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Tuesday, September 27, 2022

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Honda Cars Made After 2012 Might Be Vulnerable To Key Fob Hack That Unlocks Doors And Starts Engine

Hackers say that they’ve found a new vulnerability on Honda vehicles that allows them to be unlocked and started. The list of vehicles affected includes models from 2012 until 2022 and it seems that the new hack is a way of getting around a previous security patch too.

If you’ve heard of the technology that allows a person to record a key fob signal and then replay it, this is different. In fact, it’s that vulnerability that led to a new type of fob code that’s always rolling to a new one. In theory, that should prevent someone from simply recording a code and replaying it, since each time it’s used, a new code rolls over the old one.

Now a group of hackers working for Star-V Lab says they have a workaround. They say that Honda vehicles made after 2012 allow for a new vulnerability allowing them to go back to one of those previously used codes and access the vehicle just the same. They can even start the engine and drive away.

Read More: Hackers Access GM Online Accounts, Some Personal Information Exposed

After seeing the research released by one of the hackers who goes by the screen name Kevin2600 on Twitter, another user, RobDrivesCars, found that he could also recreate the vulnerability independently. Due to the way the vulnerability functions, it’s been dubbed Rolling PWN by its finders.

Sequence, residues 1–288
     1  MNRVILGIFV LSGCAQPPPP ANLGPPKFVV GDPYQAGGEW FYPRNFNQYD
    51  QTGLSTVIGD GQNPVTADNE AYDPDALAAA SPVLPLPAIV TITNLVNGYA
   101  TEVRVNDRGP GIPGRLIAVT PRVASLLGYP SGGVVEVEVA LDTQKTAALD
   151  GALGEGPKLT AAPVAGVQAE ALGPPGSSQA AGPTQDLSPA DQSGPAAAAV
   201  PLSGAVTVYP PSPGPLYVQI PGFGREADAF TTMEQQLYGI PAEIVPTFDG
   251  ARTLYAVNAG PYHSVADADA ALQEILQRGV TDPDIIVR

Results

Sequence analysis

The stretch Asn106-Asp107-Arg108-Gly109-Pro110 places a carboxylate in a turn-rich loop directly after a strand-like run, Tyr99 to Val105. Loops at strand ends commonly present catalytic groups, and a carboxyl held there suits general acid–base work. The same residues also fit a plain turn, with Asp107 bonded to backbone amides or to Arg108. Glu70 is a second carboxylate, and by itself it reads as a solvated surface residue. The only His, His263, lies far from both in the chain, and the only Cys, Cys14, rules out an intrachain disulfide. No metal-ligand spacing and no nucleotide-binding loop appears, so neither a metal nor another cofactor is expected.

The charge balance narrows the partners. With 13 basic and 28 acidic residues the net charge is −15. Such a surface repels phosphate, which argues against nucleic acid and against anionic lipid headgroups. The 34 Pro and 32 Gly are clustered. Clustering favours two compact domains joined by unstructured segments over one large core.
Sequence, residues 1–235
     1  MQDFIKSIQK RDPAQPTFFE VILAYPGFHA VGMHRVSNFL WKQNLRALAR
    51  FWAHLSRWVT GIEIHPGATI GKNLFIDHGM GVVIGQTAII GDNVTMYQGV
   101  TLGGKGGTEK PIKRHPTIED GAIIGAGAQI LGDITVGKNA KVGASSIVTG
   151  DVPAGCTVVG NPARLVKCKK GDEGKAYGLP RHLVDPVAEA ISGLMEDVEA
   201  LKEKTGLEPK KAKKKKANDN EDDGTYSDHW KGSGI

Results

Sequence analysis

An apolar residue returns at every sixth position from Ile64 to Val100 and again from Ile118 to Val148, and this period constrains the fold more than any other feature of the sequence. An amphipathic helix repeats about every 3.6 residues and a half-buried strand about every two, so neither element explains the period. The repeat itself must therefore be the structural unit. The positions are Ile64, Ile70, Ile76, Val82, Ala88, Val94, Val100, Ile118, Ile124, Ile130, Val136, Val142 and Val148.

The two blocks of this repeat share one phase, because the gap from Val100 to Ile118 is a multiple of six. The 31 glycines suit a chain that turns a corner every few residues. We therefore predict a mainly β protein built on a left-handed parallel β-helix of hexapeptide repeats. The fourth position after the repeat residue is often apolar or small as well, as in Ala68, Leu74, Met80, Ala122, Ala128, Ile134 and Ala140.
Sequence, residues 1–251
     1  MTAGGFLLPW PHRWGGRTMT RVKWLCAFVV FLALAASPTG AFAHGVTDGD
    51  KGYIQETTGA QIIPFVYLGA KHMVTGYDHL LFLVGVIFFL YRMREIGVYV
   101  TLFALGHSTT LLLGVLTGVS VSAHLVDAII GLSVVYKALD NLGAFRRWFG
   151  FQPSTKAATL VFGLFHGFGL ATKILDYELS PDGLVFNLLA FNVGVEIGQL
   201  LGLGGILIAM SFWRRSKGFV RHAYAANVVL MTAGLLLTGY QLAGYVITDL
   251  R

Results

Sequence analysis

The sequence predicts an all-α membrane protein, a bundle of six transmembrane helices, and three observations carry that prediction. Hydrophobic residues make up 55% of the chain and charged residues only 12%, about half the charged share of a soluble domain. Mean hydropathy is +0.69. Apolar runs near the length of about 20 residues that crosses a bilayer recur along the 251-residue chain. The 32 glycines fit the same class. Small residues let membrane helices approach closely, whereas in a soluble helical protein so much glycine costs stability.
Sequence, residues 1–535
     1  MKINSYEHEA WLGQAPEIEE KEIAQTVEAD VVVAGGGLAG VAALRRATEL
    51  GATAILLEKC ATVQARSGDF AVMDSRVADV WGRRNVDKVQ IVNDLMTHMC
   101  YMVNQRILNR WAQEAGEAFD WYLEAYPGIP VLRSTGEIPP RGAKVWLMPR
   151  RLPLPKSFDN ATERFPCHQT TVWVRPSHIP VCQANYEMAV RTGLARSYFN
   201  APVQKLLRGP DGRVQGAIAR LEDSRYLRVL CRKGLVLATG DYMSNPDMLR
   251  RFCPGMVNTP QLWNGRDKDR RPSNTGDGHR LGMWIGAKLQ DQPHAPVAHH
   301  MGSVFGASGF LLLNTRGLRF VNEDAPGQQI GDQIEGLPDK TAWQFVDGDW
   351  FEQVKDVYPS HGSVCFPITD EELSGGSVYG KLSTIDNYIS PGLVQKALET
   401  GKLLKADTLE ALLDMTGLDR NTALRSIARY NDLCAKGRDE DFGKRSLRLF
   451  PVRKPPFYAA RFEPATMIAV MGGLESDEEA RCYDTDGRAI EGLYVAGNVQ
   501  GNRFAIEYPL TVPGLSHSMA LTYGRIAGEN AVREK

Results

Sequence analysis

In the extensive report posted on Github, Kevin2600 details how this hack is different from the fixed-code hack and talks about how it might also apply to other brands. He suggests an update to the code to close the loophole but it seems as though Honda may believe that there’s nothing to worry about.

In a response to the folks over at Motherboard, a spokesperson wrote: “We’ve looked into past similar allegations and found them to lack substance. While we don’t yet have enough information to determine if this report is credible, the key fobs in the referenced vehicles are equipped with rolling code technology that would not allow the vulnerability as represented in the report. In addition, the videos offered as evidence of the absence of rolling code do not include sufficient evidence to support the claims.”

We’ll update this story as we learn more.

Image Credit: Pierluigi Paganini on YouTube

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